The United States Constitution has been coming up regularly in this most fractious and ridiculous of political seasons.
We’ve had the “pocket constitutionalists” of the Sagebrush Rebellion taking over a bird sanctuary in Eastern Oregon because (if I have their line of reasoning straight) all government beyond the county level is illegitimate and the Constitution proves that nothing in the Constitution actually applies to them.
We’ve had, amid an epidemic of mass shootings and more private gun-related tragedies, a hunkering-down on an antiquated and nonsensical interpretation of a few confusingly punctuated words in the Second Amendment that are alleged to guarantee the right to carry military weapons openly in houses of worship and kindergarten classrooms.
We’ve had the presidential candidate of an actual major political party loudly declaring he will build a wall across the southern border of the United States and make the Mexican government pay for it – an act that would be at once so environmentally irresponsible, morally reprehensible, patently unconstitutional, and impossible to achieve that I really don’t know where to begin talking about it.
How refreshing, then, to run across a piece of theater that tells the story of a true hero of the never-ending battle to protect the Constitution, and thus the American people in their everyday lives, against the ever-present forces trying to chip away at it for selfish or ideological reasons, or because of bouts of paranoia or sheer fright.
The title of Jeanne Sakata’s play Hold These Truths, which opened Friday night in the Ellyn Bye Studio at Portland Center Stage, comes not from the Constitution but from the preamble to the Declaration of Independence: “We hold these truths to be self-evident, that all men are created equal, that they are endowed by their Creator with certain Unalienable rights, that among these are Life, Liberty, and the Pursuit of Happiness.”
But those Enlightenment principles, if not the actual words, are also embedded in the Constitution, most specifically in the Fourteenth Amendment, which was ratified in 1868 and granted citizenship to “all persons born or naturalized in the United States,” a move meant to grant full citizenship status to slaves freed in the recent Civil War. The amendment’s second, and equally important, guarantee vowed equal protection under the laws, forbidding any state from denying to any citizen “life, liberty or property without due process of law.”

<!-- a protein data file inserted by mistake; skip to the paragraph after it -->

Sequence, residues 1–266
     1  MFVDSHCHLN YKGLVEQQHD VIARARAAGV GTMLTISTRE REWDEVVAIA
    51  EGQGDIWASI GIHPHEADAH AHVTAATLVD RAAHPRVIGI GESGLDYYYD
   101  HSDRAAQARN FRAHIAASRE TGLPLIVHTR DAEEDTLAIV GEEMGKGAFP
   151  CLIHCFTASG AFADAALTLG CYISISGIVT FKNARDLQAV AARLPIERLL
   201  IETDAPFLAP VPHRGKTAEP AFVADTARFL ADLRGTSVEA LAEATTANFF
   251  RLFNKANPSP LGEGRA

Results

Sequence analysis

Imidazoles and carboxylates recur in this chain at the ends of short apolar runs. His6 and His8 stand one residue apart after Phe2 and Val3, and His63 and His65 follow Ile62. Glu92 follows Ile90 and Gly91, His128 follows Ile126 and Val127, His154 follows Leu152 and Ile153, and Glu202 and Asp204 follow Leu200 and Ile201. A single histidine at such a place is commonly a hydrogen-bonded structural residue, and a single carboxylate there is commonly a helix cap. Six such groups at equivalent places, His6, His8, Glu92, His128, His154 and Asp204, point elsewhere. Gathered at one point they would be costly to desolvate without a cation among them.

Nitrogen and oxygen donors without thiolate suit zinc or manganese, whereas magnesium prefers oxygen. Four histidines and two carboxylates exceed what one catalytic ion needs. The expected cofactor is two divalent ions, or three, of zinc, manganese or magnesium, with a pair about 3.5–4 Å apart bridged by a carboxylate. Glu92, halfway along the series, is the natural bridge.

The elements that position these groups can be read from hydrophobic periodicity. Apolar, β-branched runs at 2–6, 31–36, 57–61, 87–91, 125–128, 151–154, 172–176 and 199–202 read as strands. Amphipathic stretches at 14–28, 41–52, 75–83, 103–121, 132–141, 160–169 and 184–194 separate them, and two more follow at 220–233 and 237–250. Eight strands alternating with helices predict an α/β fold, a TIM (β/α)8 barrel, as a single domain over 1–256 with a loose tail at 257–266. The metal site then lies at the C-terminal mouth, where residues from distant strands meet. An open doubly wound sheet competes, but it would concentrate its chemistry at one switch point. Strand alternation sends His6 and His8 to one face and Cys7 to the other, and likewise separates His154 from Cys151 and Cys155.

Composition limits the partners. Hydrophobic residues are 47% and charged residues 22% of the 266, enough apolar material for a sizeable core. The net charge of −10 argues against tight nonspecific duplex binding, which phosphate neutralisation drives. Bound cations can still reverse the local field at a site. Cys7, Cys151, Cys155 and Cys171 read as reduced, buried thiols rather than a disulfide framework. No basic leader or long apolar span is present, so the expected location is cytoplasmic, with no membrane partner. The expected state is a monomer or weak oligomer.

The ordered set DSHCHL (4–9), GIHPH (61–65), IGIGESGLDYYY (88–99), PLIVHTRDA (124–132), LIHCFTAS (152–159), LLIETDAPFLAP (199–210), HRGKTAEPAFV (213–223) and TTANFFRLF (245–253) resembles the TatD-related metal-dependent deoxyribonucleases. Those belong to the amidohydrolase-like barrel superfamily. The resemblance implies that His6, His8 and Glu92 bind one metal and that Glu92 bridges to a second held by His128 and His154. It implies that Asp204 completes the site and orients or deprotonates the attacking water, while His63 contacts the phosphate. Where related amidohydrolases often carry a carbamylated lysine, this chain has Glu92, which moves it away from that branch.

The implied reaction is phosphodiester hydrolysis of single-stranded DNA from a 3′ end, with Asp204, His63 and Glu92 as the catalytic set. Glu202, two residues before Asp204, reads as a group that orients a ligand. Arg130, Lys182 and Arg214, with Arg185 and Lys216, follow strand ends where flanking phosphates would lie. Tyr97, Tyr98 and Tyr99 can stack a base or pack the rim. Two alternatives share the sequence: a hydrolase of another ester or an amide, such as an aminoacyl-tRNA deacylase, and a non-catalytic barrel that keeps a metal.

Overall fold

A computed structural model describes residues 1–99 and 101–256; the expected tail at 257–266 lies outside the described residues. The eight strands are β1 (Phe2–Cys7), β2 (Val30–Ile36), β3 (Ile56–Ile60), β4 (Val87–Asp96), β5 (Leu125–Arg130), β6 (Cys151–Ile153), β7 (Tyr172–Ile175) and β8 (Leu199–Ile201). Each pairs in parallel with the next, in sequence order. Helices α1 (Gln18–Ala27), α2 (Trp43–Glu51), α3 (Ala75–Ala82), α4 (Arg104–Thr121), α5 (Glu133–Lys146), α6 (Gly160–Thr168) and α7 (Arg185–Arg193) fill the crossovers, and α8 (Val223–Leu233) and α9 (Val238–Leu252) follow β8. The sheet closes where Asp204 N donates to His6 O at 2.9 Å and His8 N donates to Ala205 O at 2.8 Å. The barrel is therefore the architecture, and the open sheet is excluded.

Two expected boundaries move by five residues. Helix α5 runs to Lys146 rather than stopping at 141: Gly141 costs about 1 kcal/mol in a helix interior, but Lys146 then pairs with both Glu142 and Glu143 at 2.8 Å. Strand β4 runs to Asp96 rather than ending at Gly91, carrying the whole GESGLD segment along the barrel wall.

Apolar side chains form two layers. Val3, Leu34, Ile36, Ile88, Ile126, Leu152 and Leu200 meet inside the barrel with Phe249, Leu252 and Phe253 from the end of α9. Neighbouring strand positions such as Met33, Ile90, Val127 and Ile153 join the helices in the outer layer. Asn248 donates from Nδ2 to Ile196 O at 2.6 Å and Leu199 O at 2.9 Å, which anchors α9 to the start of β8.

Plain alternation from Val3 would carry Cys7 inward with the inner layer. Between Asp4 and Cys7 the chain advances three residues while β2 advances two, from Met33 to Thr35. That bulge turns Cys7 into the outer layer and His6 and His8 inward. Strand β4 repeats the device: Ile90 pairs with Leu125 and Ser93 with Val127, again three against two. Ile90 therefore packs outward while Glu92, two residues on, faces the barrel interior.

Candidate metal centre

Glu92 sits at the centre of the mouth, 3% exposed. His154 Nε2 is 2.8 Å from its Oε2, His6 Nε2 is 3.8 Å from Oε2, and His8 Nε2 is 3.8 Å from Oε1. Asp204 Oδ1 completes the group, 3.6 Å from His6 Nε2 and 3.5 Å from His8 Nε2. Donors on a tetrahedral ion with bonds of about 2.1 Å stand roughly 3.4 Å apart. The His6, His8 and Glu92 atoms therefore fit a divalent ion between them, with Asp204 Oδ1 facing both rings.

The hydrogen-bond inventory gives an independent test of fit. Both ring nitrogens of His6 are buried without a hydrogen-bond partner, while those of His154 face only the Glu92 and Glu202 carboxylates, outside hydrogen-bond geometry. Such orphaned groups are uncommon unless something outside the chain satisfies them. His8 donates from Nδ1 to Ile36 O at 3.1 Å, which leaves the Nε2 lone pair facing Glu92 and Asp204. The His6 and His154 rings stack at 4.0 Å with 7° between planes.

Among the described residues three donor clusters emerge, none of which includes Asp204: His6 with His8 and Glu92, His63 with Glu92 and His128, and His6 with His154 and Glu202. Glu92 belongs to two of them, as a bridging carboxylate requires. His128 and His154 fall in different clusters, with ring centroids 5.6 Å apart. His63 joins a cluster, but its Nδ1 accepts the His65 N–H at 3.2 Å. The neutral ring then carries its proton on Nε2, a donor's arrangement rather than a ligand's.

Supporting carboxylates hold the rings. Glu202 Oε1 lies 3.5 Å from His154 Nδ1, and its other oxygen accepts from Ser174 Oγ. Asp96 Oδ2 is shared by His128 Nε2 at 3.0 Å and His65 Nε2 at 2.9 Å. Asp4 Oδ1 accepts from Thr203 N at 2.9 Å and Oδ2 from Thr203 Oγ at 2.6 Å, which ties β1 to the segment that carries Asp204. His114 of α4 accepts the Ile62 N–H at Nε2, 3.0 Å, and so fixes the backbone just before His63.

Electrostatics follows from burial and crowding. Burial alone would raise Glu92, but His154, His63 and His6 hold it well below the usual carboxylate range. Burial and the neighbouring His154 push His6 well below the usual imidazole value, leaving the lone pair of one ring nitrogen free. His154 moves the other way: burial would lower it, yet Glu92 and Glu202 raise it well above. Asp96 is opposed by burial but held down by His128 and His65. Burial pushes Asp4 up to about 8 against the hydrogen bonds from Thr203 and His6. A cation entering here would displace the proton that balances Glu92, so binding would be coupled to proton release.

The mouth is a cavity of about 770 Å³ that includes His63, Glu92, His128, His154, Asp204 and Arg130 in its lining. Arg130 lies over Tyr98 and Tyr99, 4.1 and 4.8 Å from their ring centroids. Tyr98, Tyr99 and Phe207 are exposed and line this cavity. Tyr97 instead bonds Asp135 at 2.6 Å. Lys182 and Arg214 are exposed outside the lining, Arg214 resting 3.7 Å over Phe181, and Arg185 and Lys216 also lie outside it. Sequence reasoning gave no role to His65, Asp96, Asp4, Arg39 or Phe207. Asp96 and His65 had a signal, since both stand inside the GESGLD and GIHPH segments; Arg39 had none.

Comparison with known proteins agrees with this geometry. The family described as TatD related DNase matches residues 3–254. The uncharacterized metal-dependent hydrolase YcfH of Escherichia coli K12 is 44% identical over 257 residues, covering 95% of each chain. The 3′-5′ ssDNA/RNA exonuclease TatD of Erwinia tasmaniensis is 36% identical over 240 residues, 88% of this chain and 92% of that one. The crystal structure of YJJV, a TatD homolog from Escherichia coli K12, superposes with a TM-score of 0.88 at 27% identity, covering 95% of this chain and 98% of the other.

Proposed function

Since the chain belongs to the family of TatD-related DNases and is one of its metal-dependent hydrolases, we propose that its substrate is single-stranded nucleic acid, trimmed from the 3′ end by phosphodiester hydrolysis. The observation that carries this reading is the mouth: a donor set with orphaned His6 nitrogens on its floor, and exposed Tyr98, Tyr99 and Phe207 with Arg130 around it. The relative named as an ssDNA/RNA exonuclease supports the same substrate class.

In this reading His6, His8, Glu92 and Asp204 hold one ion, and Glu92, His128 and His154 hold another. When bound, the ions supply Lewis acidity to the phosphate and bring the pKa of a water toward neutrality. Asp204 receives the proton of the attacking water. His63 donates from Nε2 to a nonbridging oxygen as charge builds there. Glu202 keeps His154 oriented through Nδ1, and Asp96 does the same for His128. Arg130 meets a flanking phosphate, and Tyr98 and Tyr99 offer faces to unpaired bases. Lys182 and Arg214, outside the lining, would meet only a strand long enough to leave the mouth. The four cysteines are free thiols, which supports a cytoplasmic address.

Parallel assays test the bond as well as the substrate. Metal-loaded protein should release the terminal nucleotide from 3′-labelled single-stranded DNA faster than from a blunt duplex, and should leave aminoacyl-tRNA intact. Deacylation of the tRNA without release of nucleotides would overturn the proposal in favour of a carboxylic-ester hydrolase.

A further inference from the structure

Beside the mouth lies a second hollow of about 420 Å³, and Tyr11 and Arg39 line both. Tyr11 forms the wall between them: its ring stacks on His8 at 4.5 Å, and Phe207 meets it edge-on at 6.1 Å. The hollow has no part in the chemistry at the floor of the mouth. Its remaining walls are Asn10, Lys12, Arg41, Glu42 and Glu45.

Sakata’s play is based on the true story of Gordon Hirabayashi, a Nisei, or second generation, Japanese American student at the University of Washington in the late 1930s and early 1940s. Like so many others, he was caught in the machinations of Franklin D. Roosevelt’s infamous Executive Order 9066 shortly after Japan’s attack on Pearl Harbor, an order that created prison camps across the West and forced 120,000-odd Japanese Americans into confinement. The mass incarceration was obviously unconstitutional, based on racial identity and utterly lacking in due process. Yet a series of courts up to the Supreme Court ruled, in essence, that in time of war, safety (or the mere notion of safety, since almost none of the incarcerees had criminal records or known ties to enemy agents) trumped due process and individual rights. Panic, and racially based resentment, rushed in where prudence should have prevailed.
Further, the haste of the action meant that many Japanese Americans had to abandon their property or sell it on the cheap before they were herded into the camps. Many never received their property back after the war, paralleling the situation of European Jews who sold their artwork and other property on the cheap or had it confiscated by the Nazis: three-quarters of a century later, lawsuits over repatriation of much of that stolen property are still keeping lawyers and the courts busy.
Hold These Truths is a one-person play performed by the actor Ryun Yu and directed by Jessica Kubzansky, who also teamed with Sakata on its premiere production in Los Angeles in 2007 and have repeated it in New York, Seattle, and elsewhere. It comes to Portland in the midst of a national rise in ethnic intolerance, from anti-Latino sentiment to fear of immigrants and refugees to demands (again, by the blustering presidential candidate) that all Muslims be barred from entering the country. Once again, individual rights are being weighed against prejudice and paranoia, and once again the outcome is by no means guaranteed. The Constitution may be constant, at least in its wording, but its interpreters are only human.
In his bravura ninety-minute performance, Yu presents a striking portrait of an unlikely hero and the people who helped him or fought with him along the way. We meet Hirabayashi as a happy-go-lucky young man, the eldest son of traditional parents and an ebullient student who embraces campus life: as his roommate comments, he seems to be majoring in extracurricular activities. He leads an ordinary life: meets a girl, goes out with his buddies for cheap food, jokes about his parents’ strict ways, and approaches life with a love for and confidence in the ideals and beliefs of his country.